How to start a business, find gig economy success, and be an entrepreneur in 2024

It’s not easy being your own boss.

If you choose to start a start-up, you’ll have to deal with a lot of complexity, from budgeting and cybersecurity to cloud computing and ChatGPT. But as long as you’re making your own decisions and defining your own life, it can be worthwhile, as JM Coetzee writes in Slow Man (also available on Audible).

There is no need for us to adhere to any script. No need to do anything we do not wish. We are free agents.

For more advice, here are some of my favourite Seth Godin quotes from his 2023 blog posts, together with a recommended title from Blinkist.

Change begins with the smallest viable audience, not the largest possible one. ~ The maverick and the status quo

Learn more: The Win Without Pitching Manifesto

Choose your customers, choose your future. ~ Eight marketing maxims 

Learn more: Choose Your Enemies Wisely

Creating value isn’t easy, but it’s resilient and generous and often profitable. ~ Create value

Learn more: Conscious Capitalism

Finding, connecting and respecting a small group of supporters and customers always outperforms the hustle for more. And if you can create a remarkable story that’s worth spreading, it’ll spread. Not because you need it to, but because your customers do. ~ The reluctant spammer 

Learn more: Net Positive

Focus on the customers who care enough about your idiosyncratic and particular offerings that they’ll not only happily walk away from the lesser alternatives, but they’ll tell the others. ~ Too much competition 

Learn more: The Strategy Legacy

Freelancers have trouble trading. We think we should do every job ourselves. That’s not only non-productive, it reduces the magic we have left for the work that only we can do. ~ Pareto optimality 

Learn more: Clockwork

It might be more productive to find the few that want to go where you do. ~ Don’t know, don’t care 

Learn more: The Infinite Leader

It’s okay to say, “it’s not for you,” to most people. In fact, that’s the only way to do work that matters. ~ Most people (and the people you choose) 

Learn more: The Friction Project

Many hard-working freelancers are confused about their story. Either they insist that their work is even better than it is, and they’re frustrated when others don’t embrace it, or they undersell the value of their presence, professionalism and effort. ~ Confusion about performance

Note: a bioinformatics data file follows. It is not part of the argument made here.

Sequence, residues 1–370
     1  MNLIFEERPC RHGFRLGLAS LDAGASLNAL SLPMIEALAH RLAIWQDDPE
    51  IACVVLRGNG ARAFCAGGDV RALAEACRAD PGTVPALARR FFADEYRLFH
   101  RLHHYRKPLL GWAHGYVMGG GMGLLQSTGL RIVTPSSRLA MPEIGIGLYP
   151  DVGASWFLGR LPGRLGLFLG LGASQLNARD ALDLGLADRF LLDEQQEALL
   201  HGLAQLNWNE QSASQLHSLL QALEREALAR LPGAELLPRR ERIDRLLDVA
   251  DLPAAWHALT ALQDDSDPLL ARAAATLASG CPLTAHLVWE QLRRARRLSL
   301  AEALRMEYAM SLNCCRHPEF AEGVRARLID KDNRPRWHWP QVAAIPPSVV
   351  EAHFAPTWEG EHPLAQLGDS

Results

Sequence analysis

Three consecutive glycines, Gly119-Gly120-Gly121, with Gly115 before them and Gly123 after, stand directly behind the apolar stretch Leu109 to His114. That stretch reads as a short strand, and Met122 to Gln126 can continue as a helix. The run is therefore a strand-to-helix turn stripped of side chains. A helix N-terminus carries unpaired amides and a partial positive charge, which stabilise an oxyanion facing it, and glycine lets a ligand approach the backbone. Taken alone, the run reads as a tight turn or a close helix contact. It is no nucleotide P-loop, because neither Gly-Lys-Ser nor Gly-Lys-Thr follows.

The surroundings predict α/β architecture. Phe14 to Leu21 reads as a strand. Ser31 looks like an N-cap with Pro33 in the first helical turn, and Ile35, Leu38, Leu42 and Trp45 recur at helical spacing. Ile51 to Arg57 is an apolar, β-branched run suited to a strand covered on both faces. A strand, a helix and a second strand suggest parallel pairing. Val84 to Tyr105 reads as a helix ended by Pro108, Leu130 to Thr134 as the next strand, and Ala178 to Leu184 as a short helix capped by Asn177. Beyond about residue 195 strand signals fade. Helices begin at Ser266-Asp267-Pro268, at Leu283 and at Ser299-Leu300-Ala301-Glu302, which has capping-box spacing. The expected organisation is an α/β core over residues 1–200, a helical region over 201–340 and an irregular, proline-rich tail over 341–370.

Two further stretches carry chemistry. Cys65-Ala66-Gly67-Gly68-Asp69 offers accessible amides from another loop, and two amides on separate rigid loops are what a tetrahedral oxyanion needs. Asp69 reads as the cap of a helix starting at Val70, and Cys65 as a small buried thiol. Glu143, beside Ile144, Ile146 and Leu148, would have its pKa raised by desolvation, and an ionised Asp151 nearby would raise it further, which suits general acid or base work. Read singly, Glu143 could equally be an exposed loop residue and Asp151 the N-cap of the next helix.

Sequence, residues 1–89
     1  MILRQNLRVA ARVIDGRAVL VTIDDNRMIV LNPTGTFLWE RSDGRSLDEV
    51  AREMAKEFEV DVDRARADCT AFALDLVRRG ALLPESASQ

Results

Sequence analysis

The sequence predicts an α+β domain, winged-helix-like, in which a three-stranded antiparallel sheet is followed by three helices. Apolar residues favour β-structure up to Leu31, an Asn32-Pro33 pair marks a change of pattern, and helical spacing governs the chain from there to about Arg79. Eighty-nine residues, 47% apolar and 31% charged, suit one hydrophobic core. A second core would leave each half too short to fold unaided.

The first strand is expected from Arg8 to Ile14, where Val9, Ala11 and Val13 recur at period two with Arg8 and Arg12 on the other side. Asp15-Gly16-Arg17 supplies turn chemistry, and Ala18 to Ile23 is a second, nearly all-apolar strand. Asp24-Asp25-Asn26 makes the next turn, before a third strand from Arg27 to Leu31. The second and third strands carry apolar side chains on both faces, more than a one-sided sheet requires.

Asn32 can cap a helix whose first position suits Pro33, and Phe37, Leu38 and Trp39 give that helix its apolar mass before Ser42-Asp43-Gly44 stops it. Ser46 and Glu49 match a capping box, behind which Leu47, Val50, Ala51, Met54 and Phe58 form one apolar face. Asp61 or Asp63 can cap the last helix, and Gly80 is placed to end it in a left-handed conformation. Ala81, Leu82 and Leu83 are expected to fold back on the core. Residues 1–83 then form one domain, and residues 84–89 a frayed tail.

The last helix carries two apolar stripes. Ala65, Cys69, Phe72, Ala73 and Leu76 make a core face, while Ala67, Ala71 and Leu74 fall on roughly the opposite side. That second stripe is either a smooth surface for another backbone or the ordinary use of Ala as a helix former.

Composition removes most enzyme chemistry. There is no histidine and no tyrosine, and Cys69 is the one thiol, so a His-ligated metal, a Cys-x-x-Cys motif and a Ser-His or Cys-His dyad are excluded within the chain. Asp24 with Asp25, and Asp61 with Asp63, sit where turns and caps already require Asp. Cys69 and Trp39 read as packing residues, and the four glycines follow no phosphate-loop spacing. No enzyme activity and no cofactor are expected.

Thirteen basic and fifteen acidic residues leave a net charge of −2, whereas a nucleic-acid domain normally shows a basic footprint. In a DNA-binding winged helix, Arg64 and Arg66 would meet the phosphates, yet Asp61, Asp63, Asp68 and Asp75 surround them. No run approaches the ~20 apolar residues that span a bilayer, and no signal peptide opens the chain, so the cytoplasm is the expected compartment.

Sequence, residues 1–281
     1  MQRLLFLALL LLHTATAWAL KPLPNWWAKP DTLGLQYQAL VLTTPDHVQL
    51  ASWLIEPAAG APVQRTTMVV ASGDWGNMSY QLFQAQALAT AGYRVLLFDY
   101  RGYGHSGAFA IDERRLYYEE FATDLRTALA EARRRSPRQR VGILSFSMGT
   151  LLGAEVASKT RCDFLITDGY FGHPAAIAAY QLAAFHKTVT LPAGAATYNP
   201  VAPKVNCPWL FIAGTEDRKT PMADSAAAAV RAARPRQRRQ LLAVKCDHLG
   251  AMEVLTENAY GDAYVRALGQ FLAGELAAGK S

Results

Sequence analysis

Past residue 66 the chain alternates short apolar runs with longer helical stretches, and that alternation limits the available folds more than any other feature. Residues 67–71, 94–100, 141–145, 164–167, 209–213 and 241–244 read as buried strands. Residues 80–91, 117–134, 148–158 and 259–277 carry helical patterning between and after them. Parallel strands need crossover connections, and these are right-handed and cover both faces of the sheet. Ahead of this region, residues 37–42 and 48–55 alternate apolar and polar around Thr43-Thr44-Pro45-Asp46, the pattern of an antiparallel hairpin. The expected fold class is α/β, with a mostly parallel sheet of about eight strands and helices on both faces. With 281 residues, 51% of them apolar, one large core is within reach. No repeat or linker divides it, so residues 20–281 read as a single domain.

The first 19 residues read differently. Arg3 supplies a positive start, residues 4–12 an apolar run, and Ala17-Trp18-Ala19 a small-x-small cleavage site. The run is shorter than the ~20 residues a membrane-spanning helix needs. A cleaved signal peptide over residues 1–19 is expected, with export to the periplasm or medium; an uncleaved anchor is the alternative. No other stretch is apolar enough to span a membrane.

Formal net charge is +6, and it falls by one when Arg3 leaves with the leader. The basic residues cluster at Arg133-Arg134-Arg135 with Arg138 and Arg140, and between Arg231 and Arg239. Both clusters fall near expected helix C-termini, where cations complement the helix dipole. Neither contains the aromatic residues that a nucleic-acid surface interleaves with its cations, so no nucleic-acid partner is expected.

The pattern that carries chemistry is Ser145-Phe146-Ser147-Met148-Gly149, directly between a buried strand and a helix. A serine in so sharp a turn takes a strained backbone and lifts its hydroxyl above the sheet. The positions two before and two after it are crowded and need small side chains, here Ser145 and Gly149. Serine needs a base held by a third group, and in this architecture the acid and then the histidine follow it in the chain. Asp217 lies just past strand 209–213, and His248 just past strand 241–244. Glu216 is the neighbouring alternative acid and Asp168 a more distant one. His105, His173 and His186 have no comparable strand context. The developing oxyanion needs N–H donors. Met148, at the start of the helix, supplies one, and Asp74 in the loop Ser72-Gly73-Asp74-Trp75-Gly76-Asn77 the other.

Learn more: Narrative and Numbers

Pick your client, pick your future. ~ Consider switching sides 

Learn more: Strategic Project Management

The best way to get what we want is to help other people get what they want. ~ Generous and selfish

Learn more: The Generous Leader

The first thing to do when thinking about starting a project, before you invest in systems design, infrastructure or fancy tools, is to practice getting some customers. And the second thing to do is to find out what it’s like to delight or disappoint those customers. ~ Choose your customers 

Learn more: The First 90 Days

The hard part isn’t the thing that costs you the most money. If you can outsource the work to an expert and get that work done effectively, it’s not hard. It’s just expensive. ~ Customer traction is the hard part

Learn more: Hard Facts, Dangerous Half Truths, and Total Nonsense

The only thing that allows creators to create is the work that came before. When we create, we add to that work so that others can do the same. ~ Patterns, culture and theft 

Learn more: The Practice of Adaptive Leadership

When in doubt, focus on how to organize the folks you already have. Find a way to give them the tools for them to tell the others. Build a resilient loop, one that gets more organized and powerful as you grow. ~ Small groups, well organized

Learn more: Team Topologies

When things don’t work, it’s not helpful to try to minimize the impact. In fact, you’re far more likely to make progress if you remind the customer just how much it mattered to you to get it right, and how you feel about letting them down. ~ Two sides of “a big deal”

Learn more: The Essential Drucker

When we show up to bring humanity to work, we’re making a choice. It involves risk and effort and emotional labor. We’re here to make a change happen, and we’re giving something to make that happen. ~ Significant work is a vote

Learn more: Humanocracy

When you choose to take on a real problem that involves difficult work, but you’re serving a customer base that has few resources, thank you. Your quest is going to be a long one, but if you believe in the impact you’re creating, this can be a useful way forward. ~ The slog, the hobby and the quest

Learn more: The Heart of Business

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